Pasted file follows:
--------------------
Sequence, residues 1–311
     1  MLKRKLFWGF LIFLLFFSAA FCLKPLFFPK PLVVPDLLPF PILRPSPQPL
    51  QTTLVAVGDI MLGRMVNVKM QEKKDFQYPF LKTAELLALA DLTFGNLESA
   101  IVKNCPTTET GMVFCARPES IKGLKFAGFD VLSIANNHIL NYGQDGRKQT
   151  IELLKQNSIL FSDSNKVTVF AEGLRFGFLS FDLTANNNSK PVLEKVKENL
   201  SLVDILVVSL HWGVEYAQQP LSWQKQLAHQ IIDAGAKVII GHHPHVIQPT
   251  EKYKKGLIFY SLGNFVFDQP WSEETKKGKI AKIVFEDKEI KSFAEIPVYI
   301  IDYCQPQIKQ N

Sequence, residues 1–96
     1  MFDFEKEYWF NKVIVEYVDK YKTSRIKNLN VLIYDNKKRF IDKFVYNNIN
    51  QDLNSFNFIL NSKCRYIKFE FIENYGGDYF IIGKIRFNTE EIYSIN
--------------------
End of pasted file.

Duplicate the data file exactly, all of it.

Sequence, residues 1–311
     1  MLKRKLFWGF LIFLLFFSAA FCLKPLFFPK PLVVPDLLPF PILRPSPQPL
    51  QTTLVAVGDI MLGRMVNVKM QEKKDFQYPF LKTAELLALA DLTFGNLESA
   101  IVKNCPTTET GMVFCARPES IKGLKFAGFD VLSIANNHIL NYGQDGRKQT
   151  IELLKQNSIL FSDSNKVTVF AEGLRFGFLS FDLTANNNSK PVLEKVKENL
   201  SLVDILVVSL HWGVEYAQQP LSWQKQLAHQ IIDAGAKVII GHHPHVIQPT
   251  EKYKKGLIFY SLGNFVFDQP WSEETKKGKI AKIVFEDKEI KSFAEIPVYI
   301  IDYCQPQIKQ N

Sequence, residues 1–96
     1  MFDFEKEYWF NKVIVEYVDK YKTSRIKNLN VLIYDNKKRF IDKFVYNNIN
    51  QDLNSFNFIL NSKCRYIKFE FIENYGGDYF IIGKIRFNTE EIYSIN